(iii) Cato Fong was ordered to attack Clouseau when he least expected it to keep him sharp; a story that possibly took its inspiration from a story told by Herrigel of the methods by which the Japanese sword masters trained their students, catching them by surprise and hitting them with a stick until they learnt to sense an attack was coming.

(iv) It should be born in mind that Herrigel tells us in the introduction to Zen in the Art of Archery that he went to Japan specifically to find Zen; the cynic might suggest that even if he did not follow a path to enlightenment that Japanese scholars recognise as Zen he went there to find Zen and find it he did.

(v) Yamada Shōji quotes a story from Sakurai’s biography of Awa, the setting is when Awa goes to the practice range at night to fire the perfect shot “‘Finally: I have perished.’ Just as this thought passed through his mind, a marvellous sound reverberated from the heavens. He thought it must be from heaven since never before had he heard such a clear, high, strong sound from the twanging of the bowstring and from the arrow piercing the target. At the very instant when he thought he heard it, his self flew apart into infinite grains of dust, and, with his eyes dazzled by a myriad of colours, a great thunderous wave filled heaven and earth.” In summery Awa intends to elevate the art of archery to a religious experience, or even to categorise archery as a religion and to establish himself as its high priest.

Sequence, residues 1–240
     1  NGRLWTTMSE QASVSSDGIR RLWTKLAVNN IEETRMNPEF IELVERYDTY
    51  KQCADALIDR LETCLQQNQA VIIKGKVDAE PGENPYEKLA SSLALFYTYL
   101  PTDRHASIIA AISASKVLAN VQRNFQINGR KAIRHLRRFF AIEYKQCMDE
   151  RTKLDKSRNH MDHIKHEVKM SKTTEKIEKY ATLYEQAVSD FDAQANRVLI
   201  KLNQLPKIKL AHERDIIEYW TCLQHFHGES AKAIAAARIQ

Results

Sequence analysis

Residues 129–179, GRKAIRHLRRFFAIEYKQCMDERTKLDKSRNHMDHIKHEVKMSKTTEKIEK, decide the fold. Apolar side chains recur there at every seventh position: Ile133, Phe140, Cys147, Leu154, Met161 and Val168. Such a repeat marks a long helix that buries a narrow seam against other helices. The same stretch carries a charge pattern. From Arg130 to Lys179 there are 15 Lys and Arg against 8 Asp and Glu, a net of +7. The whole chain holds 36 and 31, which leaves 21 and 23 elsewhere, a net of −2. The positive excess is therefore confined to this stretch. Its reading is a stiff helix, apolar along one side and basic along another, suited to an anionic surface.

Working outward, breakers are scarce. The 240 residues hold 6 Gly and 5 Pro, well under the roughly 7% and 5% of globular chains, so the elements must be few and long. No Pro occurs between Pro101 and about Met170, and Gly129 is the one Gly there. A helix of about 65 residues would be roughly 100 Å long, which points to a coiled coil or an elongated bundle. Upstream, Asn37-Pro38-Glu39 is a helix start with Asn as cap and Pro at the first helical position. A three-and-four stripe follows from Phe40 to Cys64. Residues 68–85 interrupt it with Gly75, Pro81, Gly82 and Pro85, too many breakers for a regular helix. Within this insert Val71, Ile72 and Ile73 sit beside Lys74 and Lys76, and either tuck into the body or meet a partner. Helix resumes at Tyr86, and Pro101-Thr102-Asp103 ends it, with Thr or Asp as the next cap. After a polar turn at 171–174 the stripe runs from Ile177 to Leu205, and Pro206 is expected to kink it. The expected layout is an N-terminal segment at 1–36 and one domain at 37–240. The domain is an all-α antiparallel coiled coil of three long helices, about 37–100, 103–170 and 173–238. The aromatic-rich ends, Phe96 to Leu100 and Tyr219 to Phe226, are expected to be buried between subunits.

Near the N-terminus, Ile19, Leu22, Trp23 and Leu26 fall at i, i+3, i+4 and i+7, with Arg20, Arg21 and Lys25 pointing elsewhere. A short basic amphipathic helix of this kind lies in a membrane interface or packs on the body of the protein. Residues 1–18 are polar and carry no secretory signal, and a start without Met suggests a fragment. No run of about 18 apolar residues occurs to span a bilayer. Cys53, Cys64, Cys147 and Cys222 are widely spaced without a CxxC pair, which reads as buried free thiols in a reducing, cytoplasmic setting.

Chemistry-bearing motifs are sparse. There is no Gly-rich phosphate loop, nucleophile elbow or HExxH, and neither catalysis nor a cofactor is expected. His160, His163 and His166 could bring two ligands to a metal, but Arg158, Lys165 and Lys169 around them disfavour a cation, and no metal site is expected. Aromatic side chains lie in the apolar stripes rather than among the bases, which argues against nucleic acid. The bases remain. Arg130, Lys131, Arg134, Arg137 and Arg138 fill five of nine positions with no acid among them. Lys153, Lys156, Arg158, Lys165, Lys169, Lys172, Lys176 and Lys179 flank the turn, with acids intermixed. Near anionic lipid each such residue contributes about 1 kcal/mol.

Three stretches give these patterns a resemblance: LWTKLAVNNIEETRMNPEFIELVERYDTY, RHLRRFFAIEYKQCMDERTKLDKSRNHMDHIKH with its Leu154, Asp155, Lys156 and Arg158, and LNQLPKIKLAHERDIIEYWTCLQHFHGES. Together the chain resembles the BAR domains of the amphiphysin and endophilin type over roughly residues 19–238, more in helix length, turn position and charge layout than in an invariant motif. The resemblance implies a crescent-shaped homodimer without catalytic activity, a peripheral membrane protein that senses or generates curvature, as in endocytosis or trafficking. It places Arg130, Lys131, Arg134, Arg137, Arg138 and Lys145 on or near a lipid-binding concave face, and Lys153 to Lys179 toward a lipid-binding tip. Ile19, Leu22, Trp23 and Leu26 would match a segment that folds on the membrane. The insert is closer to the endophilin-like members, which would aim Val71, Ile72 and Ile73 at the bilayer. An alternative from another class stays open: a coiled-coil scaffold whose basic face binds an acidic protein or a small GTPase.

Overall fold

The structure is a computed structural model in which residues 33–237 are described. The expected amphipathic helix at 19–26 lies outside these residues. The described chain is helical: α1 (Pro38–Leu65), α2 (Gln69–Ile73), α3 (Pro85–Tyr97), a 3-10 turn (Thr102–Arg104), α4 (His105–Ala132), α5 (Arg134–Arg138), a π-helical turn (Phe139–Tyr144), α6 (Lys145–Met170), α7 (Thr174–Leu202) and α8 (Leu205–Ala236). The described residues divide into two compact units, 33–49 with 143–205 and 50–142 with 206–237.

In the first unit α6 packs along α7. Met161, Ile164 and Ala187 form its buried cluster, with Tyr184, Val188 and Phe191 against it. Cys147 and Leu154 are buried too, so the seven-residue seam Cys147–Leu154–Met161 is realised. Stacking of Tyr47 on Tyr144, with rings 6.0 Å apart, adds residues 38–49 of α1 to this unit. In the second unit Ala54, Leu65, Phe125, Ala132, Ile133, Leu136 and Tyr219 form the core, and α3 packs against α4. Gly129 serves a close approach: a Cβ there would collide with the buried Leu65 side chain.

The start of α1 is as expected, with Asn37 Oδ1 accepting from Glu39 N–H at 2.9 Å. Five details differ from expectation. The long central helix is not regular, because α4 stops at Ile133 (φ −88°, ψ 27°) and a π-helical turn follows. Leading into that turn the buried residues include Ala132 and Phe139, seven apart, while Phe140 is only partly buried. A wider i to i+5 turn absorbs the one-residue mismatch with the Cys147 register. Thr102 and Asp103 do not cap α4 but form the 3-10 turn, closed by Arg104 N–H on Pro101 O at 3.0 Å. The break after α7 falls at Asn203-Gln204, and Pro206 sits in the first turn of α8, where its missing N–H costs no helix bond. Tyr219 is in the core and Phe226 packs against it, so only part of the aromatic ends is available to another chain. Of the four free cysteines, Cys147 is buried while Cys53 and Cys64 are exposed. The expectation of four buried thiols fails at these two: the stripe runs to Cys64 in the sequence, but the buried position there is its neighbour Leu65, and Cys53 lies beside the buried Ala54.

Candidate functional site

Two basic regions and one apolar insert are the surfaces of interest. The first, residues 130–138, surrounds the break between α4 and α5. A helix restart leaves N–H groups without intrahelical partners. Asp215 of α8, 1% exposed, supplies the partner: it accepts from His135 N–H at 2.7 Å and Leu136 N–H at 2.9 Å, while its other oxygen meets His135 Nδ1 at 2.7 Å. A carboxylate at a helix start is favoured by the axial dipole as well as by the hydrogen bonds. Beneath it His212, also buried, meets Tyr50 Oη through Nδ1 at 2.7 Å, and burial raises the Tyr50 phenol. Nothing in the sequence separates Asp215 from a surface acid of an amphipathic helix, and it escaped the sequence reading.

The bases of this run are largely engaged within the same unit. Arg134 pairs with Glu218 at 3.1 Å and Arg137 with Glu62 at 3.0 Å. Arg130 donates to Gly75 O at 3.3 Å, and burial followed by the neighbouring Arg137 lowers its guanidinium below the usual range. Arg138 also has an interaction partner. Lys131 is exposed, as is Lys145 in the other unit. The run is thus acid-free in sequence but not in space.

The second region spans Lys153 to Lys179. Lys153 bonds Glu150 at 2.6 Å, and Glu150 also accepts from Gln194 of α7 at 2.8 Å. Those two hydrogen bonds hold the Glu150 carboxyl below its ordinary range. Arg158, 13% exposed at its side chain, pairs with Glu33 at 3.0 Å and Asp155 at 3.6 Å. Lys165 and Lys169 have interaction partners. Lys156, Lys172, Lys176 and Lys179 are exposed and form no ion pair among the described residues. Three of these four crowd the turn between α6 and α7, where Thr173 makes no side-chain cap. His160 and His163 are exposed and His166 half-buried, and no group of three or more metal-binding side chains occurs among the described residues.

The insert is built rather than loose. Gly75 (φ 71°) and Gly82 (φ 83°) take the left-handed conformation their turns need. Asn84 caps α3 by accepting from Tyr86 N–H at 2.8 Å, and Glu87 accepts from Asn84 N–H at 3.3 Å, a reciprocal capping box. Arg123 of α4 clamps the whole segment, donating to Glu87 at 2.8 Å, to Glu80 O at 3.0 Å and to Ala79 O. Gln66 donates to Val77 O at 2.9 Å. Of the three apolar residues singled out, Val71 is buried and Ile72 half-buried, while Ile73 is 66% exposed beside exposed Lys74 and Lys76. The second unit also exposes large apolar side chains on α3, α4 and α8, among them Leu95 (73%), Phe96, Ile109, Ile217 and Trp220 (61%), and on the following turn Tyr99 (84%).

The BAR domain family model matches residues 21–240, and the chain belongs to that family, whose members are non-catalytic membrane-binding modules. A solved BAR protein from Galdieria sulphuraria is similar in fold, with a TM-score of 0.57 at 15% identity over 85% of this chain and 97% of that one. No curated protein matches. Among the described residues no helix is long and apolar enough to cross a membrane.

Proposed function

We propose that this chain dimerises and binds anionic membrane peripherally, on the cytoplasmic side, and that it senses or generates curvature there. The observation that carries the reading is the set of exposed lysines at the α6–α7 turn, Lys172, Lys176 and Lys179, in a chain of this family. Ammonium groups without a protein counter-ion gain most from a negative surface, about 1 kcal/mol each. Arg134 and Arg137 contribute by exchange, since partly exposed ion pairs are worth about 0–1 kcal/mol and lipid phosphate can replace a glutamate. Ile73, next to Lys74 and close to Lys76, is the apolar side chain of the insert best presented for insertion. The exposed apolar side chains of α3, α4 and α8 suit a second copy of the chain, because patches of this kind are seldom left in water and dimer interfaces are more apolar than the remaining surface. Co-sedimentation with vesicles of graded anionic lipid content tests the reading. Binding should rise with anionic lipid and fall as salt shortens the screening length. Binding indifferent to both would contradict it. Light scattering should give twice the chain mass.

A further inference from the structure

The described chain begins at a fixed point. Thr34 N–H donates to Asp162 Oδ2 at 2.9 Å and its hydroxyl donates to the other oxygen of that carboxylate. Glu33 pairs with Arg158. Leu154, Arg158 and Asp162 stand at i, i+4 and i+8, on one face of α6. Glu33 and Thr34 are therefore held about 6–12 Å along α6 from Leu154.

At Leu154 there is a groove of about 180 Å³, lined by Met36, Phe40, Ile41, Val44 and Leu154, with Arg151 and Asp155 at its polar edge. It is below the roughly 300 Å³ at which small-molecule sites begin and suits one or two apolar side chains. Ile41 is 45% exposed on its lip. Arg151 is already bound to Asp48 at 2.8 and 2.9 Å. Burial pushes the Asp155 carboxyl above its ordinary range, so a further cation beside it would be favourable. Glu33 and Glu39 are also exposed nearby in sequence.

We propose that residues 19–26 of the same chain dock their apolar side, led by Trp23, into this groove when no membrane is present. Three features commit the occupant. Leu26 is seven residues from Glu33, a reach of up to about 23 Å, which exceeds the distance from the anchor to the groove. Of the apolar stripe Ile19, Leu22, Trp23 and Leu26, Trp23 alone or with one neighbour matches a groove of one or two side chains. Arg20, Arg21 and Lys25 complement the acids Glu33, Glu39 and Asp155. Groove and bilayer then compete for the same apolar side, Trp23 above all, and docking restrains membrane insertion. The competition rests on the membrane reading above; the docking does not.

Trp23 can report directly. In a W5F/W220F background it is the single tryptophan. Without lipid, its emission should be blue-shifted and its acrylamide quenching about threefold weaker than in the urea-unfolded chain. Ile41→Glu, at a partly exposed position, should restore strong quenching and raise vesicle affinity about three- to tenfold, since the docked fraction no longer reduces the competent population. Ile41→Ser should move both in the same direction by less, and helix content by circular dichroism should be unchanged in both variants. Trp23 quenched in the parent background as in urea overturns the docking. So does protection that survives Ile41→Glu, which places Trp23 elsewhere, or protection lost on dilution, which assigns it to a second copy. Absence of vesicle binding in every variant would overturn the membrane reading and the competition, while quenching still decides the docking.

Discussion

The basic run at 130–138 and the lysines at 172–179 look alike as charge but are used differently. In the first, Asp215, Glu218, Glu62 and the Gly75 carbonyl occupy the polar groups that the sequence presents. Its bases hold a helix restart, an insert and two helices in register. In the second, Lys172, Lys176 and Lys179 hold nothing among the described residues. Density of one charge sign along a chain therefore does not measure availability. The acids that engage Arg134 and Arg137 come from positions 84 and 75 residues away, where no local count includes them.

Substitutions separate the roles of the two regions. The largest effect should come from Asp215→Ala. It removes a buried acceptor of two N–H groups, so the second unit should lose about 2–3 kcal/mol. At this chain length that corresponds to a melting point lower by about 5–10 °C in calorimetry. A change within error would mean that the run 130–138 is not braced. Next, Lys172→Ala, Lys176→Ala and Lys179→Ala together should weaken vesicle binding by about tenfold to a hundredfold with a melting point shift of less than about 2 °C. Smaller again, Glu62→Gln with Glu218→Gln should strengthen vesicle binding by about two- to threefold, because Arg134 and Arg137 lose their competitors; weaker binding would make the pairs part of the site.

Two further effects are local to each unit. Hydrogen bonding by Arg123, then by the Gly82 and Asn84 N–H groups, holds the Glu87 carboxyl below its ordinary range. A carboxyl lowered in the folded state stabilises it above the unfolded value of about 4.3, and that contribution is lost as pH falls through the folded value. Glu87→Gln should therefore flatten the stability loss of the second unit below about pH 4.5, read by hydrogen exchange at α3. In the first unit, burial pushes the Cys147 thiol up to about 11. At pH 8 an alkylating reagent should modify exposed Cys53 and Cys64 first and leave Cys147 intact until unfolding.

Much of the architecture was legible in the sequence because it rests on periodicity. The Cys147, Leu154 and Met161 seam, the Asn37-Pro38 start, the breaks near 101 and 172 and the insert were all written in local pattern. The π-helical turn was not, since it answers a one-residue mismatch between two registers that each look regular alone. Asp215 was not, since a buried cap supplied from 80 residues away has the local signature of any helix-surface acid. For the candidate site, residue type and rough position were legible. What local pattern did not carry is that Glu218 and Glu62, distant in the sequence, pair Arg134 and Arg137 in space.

(1) Ellis, Ainslie (1977) Introduction to Reading Photographs: Understanding the Aesthetics of Photography. The Photographers’ Gallery. New York: Pantheon

(2) Pirsig, Robert M. (1974) Zen and the Art of Motorcycle Maintenance: An Inquiry into Values. (Kindle Edition 2044) London: Vintage Books.

(3) Herrigel, Eugen ( 1953) Zen in the Art of Archery. London: Penguin Books

(5) Cartier-Bresson, Henri (1999) The Mind’s Eye: Writings on Photography and Photographers. New York: Aperture.

(6) Cartier-Bresson, Henri ( 2003) Henri Cartier-Bresson: The Man, The Image and the World. (First paperback edition 2006) London: Thames and Hudson


(4) Weideger, Paula (1993) Cartier-Bresson: his eye, hand, lens, art and ego: The world’s most famous photographer would not be photographed. ‘No, no. They only push a button.’ (Accessed at The Independent 26.6.15) – http://www.independent.co.uk/life-style/cartierbresson-his-eye-hand-lens-art-and-ego-the-worlds-most-famous-photographer-would-not-be-photographed-no-no-they-only-push-a-button-paula-weideger-reports-1483581.html

(7) Shōji, Yamada (2001) The Myth of Zen in the Art of Archery (accessed at The Zen Site 30.6.15) – http://www.thezensite.com/ZenEssays/CriticalZen/The_Myth_of_Zen_in_the_Art_of_Archery.pdf


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3 Responses to Zen and The Art of Photography

  1. Catherine says:

    I think I understand the basics. Zen is being in the moment, the here and now. So far as photography is concerned, like other skills, it’s acquiring the knowledge and skill in the first place ad then letting them go in the moment. I’m not one, but expert golfers seem to do that; to put aside their unconsciousness and become the ball flying freely through the air.

  2. If you saw me play golf you would understand how far I am from a state of Zen.